Review: The Highest Number in the World

by Roy MacGregor
Tundra Books, 2014

thehighestnumberIn his latest book, Roy MacGregor, already well known to middle-grade readers for his Screech Owls series, finds a new readership. The Highest Number in the World is a short, sweet story about hockey, dreams, and the people who inspire us.

Gabe’s jersey is number 22, just like her idol Hayley Wickenheiser’s. But her new team’s jerseys number only up to 20, and Gabe gets number 9. How will she ever be able to play again without her lucky number? And what can her grandmother Gabriella possibly do to help?

The Highest Number in the World is a delightful book. Hockey player or not, any reader will identify with Gabe’s struggle with uncertainty in the face of change. The story ends happily, of course, but the telling is balanced and modern. I’m pleased to see MacGregor continuing to represent hockey as a welcoming, inclusive sport for girls — and also glad he doesn’t flinch from acknowledging the male-only history of the game.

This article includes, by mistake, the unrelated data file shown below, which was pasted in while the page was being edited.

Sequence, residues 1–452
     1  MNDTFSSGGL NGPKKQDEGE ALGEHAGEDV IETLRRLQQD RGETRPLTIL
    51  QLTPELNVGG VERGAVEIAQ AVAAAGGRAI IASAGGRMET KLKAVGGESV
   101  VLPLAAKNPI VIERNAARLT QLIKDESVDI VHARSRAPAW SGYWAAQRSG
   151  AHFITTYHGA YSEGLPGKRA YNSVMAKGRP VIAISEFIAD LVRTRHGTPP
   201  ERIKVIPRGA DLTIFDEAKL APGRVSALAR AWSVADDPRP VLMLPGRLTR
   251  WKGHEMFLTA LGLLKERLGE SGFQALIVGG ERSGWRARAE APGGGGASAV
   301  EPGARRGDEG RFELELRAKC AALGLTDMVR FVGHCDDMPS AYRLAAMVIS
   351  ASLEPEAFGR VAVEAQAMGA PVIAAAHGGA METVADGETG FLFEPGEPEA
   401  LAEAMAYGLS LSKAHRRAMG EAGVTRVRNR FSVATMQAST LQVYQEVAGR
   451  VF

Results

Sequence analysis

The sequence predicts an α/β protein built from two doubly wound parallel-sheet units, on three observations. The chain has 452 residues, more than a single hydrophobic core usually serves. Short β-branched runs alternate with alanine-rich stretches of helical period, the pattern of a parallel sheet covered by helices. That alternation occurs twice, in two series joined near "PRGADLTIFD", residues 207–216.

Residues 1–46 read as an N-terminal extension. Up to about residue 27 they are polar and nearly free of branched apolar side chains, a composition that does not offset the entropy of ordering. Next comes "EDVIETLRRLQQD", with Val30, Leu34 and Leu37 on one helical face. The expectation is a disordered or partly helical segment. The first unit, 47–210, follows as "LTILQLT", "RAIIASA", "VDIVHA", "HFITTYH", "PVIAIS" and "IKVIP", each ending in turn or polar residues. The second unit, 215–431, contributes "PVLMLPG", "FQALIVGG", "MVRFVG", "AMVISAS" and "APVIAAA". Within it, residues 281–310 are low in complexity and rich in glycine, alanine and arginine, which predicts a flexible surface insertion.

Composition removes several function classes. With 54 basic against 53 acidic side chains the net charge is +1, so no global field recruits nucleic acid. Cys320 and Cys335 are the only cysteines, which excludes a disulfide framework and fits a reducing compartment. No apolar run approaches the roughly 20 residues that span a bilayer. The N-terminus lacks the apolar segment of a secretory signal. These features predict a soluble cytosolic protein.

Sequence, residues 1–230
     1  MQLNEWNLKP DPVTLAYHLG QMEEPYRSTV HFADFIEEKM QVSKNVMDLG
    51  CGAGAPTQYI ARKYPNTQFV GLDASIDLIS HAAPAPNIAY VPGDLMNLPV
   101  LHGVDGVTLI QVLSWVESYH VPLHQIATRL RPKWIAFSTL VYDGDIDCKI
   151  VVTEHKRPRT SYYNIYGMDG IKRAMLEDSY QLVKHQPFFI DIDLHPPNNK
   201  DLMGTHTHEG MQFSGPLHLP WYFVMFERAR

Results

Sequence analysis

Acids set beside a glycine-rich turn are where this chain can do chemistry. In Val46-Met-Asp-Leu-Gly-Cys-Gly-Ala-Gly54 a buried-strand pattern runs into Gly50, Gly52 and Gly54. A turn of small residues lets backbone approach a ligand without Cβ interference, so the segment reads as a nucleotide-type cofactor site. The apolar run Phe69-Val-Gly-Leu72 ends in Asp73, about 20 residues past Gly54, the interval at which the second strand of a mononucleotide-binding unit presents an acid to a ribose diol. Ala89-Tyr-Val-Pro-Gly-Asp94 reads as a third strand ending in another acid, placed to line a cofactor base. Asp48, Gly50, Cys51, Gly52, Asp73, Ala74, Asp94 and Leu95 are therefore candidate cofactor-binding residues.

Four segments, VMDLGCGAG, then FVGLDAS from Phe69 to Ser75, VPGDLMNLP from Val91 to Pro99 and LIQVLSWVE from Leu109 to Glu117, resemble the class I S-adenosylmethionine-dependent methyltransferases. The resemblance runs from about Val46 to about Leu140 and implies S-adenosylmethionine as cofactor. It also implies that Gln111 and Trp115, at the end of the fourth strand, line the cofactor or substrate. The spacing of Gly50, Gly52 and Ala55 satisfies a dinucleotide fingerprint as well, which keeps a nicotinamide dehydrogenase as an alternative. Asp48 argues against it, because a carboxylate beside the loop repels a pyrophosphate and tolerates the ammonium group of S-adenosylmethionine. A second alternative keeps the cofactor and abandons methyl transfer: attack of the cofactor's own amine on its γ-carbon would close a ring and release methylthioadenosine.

Another delight of this book is the illustrations, which make an homage to the traditional NHL and the larger culture of hockey. Look carefully at the colours and the details in the images: they’re very clever!

It’s not quite Roch Carrier’s The Hockey Sweater, but the story of Gabe and Gabriella is highly identifiable and lovable. A great choice for pre-readers, early readers, and anyone who enjoys the game. I give it 4.5/5.

 

Originally published on LibraryThing on March 16, 2014.

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